This winter has been eventful for FarmLink clients with multiple storms bringing much-needed rain along with disastrous flooding. Farmers have lost crops, infrastructure, machinery, livestock and value-added products. Plantings have been delayed, and many fields are too wet to access for harvesting. Along with the historic storms, rising input costs had already strained many farmers over the past year.
Our team has been reaching out to borrowers to understand storm impacts and we’ve responded with a disaster loan package, described in detail below, that includes 0% loans as well as payment deferrals for those who need them.
We’re doing everything we can to create flexibility for borrowers and so far a relatively small percentage of our clients have suffered catastrophic losses, but for those who have, it’s been profoundly challenging and stressful. Despite these setbacks, they are forging ahead. We’re learning from their stories of resilience, which is guiding the evolution of our lending, land and business programs.
If you would like to directly support farmers who were severely impacted by the recent weather, please consider making a donation to CAFF's Farmer Emergency Fund, or reach out to FarmLink staff and we will help direct your contributions to those in need. Together, we are supporting healthy and sustainable food systems and growing an organization that will have impacts far into the future. Thank you.
Reggie Knox, CEO
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Flood Resources for Farmers
Since January, California FarmLink staff have been working with farmers to learn how the intense winter weather has impacted their operations. Reports of impacts from earlier storms are still being received, even as we are seeing even greater impacts from severe weather this month. As a lender working with natural-resource-based businesses, we understand the many risks that farmers, ranchers and fishers face.
With the flexibility we have as a nonprofit Community Development Financial Institution, and with the support of investors and donors, we’re taking steps to provide the following support during this challenging time:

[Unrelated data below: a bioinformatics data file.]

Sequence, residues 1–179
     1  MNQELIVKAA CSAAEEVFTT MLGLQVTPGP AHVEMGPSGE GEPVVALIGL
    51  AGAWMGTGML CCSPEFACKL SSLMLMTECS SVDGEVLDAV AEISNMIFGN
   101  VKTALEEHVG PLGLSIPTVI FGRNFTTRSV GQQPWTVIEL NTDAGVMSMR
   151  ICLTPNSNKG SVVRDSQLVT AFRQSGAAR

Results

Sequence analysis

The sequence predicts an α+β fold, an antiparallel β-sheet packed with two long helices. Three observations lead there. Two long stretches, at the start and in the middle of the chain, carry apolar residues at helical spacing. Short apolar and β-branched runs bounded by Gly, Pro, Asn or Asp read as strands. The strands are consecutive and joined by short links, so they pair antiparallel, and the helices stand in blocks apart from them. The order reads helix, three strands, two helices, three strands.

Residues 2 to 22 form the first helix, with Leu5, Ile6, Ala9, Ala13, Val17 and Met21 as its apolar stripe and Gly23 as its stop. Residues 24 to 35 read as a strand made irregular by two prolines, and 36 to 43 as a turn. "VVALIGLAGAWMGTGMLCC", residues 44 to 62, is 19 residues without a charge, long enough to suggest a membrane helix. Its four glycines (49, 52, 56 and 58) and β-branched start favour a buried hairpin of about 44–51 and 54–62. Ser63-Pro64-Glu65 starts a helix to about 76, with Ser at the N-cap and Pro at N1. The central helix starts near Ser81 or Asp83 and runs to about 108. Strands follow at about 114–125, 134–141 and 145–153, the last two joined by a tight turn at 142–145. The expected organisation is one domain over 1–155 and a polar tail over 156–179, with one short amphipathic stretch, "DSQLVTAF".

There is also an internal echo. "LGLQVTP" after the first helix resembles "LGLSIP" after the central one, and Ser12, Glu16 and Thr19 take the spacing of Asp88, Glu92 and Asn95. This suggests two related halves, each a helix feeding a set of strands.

1) Payment deferments for borrowers who are unable to make payments due to lost revenue,
2) 0% interest Recovery & Resilience Loans to address business impacts resulting from this winter’s natural disasters, and
3) Disaster assistance loans designed to help you in the near-term if you are waiting for disaster assistance payments from the USDA.
Numerous requests for these services have been received and we’re processing them as swiftly as possible. But we face a new reality. The disaster-recovery cycle seems to be here to stay in California, and it’s particularly challenging for farmers, ranchers and fishers given their reliance on Mother Nature and natural resources. The COVID-19 emergency loans at 0% interest, which we launched in April 2020, have now been expanded to include recovery from natural disasters such as fires and floods.
If you are a current borrower impacted by the winter storms, please contact our loan team. Farmers, ranchers, and fishers impacted by flooding can request a disaster-recovery loan by creating a loan inquiry.
Twenty-eight clients complete business resilience course, growing the alumni community to more than 150 farmers and fishers
This winter the California FarmLink team organized the annual Resilerator course to help farmers and fishers build more resilient businesses. Once again the course was filled to capacity and this year a total of 28 people completed the course. Our 10-week business resilience courses, conducted in both English and Spanish, have been completed by 156 clients over the past four years.
The courses, managed by our Resilience and Wealth Building team, are built so that each live class is preceded by a content video on the topics to be discussed in the class meetings. This approach enables the class time to be focused on questions, discussion, and guest speakers. Farmer and rancher alumni serve as guest speakers, sharing their experiences and lessons learned almost weekly, which helps participants understand how others have overcome similar challenges.
The Resilerator is built as a starting point to understand the legal and financial aspects of farming and fishing businesses, with more building blocks available after the ten weeks. People who complete the courses get the benefit of one-on-one consulting assistance through our statewide network as well as access to low-interest loans. One participant described the course as a confidence-building process. “I don't feel entirely confident that I can make my business fully resilient, but I think I have the tools to get there,” they wrote, “[Now] I know more clearly what I do and don't know, and have a clearer sense of where to get help, which has boosted my confidence a lot.”